A judgment creditor can record an abstract of judgment, a document that identifies the judgment debtor and the amount of the debt.
The abstract usually does not identify specific property. As long as it properly identifies the judgment debtor, it will appear in the chain of title and create a valid lien against any property owned by the judgment debtor in the county where the abstract is recorded. If someone buys the property from the judgment debtor, the buyer will be deemed to have “notice” of the recorded lien – and the buyer’s title will therefore be “subject to” the lien.
But what happens when the abstract of judgment doesn’t accurately identify the judgment debtor?
A recent opinion by California’s Second Appellate District – Vasquez v. LBS Financial Credit Union — provides one example.
Facts: judgment creditor records two erroneous abstracts of judgment; judgment debtor sells property
LBS Financial Credit obtained money judgments and recorded two abstracts of judgment against the judgment debtor, identified in the abstracts as “Wilbert G. Guerrero.”
Just one problem: the judgment debtor’s real name was Guillermo Guerrero.
Guerrero and his wife sold their property to the Vasquezes, who obtained a policy of title insurance from Old Republic Title Company. The title policy did not identify the LBS abstracts of judgment.
Shortly after the purchase, LBS’s attorneys contacted the Vasquezes, their mortgage lender (which had its own properly recorded lien on the property), and Old Republic advising them of the abstracts and demanding payment to avoid foreclosure.
The Vasquezes and their lender sued LBS for quiet title and declaratory relief.
Trial court: no notice; no lien
After the trial, the trial court concluded “the Vasquez plaintiffs acquired the subject property as bona fide purchasers for value without notice of the [LBS] abstracts of judgment.”
Court of Appeal: affirmed
The Court of Appeal affirmed the trial court’s judgment.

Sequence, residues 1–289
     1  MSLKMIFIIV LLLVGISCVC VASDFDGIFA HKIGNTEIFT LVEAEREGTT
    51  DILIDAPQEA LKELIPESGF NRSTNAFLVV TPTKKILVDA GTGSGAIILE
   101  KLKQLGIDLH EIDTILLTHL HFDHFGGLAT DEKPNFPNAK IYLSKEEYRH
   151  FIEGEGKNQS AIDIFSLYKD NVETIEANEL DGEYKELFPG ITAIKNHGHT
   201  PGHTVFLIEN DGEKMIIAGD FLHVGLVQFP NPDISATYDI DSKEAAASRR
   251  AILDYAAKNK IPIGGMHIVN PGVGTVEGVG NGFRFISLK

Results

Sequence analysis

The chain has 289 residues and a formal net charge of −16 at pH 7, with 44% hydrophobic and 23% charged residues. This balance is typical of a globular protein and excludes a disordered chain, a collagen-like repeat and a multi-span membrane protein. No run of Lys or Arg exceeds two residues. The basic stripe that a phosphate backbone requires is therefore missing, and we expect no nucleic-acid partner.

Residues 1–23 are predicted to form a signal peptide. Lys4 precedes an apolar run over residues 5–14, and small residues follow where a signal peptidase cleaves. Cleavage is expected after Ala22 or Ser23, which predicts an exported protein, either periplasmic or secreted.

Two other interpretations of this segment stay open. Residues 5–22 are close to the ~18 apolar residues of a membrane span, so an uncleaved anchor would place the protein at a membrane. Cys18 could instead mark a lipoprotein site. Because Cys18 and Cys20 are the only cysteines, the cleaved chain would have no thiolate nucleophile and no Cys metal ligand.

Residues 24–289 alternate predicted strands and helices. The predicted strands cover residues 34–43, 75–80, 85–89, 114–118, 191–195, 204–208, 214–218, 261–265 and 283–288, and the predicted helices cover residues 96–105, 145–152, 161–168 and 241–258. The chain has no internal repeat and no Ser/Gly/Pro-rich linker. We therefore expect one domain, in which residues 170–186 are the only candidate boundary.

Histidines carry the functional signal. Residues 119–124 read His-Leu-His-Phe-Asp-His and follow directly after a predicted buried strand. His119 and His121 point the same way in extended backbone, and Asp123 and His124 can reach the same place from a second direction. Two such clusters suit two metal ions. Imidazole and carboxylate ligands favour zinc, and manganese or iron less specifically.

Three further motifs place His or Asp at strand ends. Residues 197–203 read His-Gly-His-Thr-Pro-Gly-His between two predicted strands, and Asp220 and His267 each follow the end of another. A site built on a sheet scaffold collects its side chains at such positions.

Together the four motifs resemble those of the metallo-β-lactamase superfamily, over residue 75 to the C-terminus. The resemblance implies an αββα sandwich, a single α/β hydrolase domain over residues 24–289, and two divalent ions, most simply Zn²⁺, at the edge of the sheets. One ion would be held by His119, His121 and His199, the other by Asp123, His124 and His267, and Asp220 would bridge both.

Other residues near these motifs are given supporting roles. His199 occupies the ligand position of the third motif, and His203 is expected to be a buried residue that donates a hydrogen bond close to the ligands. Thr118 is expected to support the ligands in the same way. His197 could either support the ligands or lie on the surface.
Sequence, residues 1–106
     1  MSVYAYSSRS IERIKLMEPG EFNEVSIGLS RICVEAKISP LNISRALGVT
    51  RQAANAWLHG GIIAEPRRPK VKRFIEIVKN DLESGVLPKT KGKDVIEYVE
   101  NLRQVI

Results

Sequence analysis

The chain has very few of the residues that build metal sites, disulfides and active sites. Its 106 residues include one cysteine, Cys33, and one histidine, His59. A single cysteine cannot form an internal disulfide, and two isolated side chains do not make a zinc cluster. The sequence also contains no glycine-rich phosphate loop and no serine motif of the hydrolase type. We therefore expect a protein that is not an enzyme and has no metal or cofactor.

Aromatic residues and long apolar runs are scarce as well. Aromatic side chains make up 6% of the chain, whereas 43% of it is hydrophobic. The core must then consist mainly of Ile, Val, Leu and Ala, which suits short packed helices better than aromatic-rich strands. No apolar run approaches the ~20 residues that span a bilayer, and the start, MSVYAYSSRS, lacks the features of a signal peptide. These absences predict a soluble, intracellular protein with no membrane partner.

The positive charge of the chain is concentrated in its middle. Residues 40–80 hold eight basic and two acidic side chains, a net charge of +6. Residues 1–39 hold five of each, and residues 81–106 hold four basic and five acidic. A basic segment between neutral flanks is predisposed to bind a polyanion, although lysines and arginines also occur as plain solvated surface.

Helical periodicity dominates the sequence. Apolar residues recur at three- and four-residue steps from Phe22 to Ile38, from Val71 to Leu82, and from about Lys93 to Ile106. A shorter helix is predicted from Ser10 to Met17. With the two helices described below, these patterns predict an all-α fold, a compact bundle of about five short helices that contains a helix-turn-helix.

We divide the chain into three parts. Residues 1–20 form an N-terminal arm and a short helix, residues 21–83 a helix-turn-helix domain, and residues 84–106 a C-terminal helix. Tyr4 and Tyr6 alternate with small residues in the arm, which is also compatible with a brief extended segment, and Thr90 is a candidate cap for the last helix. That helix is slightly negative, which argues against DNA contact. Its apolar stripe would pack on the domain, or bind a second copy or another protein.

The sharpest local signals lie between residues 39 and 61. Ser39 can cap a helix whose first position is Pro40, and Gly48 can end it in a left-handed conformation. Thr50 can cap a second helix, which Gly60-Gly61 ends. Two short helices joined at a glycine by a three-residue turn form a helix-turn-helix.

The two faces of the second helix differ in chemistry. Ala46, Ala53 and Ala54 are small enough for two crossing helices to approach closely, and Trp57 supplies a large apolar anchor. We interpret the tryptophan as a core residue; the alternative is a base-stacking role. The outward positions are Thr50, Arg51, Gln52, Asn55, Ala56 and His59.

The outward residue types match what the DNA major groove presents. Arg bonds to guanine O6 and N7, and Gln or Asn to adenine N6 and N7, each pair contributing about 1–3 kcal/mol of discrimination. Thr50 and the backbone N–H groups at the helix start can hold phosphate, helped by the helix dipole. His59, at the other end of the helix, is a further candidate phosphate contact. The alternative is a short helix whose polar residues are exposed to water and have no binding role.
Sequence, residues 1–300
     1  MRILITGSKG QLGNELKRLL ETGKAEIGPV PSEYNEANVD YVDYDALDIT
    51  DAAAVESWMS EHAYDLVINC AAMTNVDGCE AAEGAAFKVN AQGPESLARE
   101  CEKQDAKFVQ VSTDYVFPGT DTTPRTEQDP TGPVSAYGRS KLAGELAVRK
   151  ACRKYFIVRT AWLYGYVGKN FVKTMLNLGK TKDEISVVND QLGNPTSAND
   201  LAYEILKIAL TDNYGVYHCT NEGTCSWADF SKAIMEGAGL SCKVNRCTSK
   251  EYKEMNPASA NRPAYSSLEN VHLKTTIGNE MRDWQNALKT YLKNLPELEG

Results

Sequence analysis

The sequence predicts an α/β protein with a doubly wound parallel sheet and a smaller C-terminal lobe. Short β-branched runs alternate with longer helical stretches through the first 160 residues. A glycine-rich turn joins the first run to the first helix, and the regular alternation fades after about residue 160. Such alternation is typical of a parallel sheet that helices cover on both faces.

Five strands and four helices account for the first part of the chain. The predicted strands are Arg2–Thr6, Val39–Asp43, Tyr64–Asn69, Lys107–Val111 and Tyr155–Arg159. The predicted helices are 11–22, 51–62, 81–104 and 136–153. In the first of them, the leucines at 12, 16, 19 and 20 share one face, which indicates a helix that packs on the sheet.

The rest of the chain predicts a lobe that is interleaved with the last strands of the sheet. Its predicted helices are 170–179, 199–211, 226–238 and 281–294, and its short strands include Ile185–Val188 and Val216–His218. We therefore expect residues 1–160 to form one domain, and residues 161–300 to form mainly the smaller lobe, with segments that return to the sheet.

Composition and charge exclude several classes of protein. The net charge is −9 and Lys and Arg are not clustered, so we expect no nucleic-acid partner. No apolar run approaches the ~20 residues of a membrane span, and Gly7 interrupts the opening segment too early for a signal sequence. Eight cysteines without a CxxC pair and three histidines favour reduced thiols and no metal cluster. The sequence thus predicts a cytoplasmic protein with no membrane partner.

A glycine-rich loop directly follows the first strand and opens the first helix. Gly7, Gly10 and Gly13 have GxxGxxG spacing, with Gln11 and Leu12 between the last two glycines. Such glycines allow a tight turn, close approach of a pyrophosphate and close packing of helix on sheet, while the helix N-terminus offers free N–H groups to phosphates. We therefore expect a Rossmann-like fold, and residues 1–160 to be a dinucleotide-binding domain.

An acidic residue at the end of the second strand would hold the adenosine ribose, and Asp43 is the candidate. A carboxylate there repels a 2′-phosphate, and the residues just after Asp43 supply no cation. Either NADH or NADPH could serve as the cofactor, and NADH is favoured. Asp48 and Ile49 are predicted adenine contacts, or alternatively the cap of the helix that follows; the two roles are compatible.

The opinion recited a few basic legal concepts that apply to these types of cases:
- A “bona fide purchaser” for value who acquires his or her interest in real property without knowledge or notice of another’s prior rights or interest in the property takes the property free of such unknown interest.
- But any purchaser with actual or constructive notice of the prior interests takes the property subject to those prior interests.
- Actual notice is “express information of a fact,” while constructive notice is that “which is imputed by law.”
- Constructive notice of a lien or other interest in property arises from the proper recording of that interest. However, a bona fide purchaser has constructive notice of “only those matters that could be located by a diligent title search.”
- Constructive notice can also arise from “inquiry notice” – when the purchaser “has knowledge of circumstances which, upon reasonable inquiry, would lead to that particular fact.”
- Notice of an adverse interest may also be imputed to a purchaser from knowledge acquired by his or her agent acting within the course and scope of the agent’s authority.
After reviewing the evidence, the Court of Appeal concluded that the Vasquezes lacked notice of the LBS abstracts of judgment.
LBS did not dispute that the Vasquezes lacked actual knowledge of the abstracts. Instead, LBS argued that the Vasquezes were on inquiry notice that Guerrero sometimes used the name Wilbert G. Guerrero because that name appeared on one of the property purchase documents. The court, however, pointed out that the name “Guillermo Guerrero” appeared in almost every other instance in the multitude of purchase documents, including the counteroffer, the escrow instructions, and historical grant deeds identified in the chain of title.
Under those circumstances, the court held, the Vasquezes had no notice. Quoting from earlier authority, the court summarized:
The California courts have consistently reasoned that the conclusive imputation of notice of recorded documents depends upon proper indexing because a subsequent purchaser should be charged only with notice of those documents which are locatable by a search of the proper indexes. Conversely, where the document is improperly indexed and hence not locatable by a proper search, mere recordation is insufficient to charge the subsequent purchaser with notice.
The court concluded: “the burden was on LBS to record the abstracts of judgment against Guerrero under the name appearing on the title to his property, not on the Vasquezes to identify the LBS abstracts recorded on a variation of Guerrero’s name[.]”
Judgment creditors should take great care to record their abstract of judgment properly, with every detail double-checked for accuracy. If the abstract is erroneous, it may not be “visible” on a title search, and won’t impair the title of a bona fide purchaser (or lender).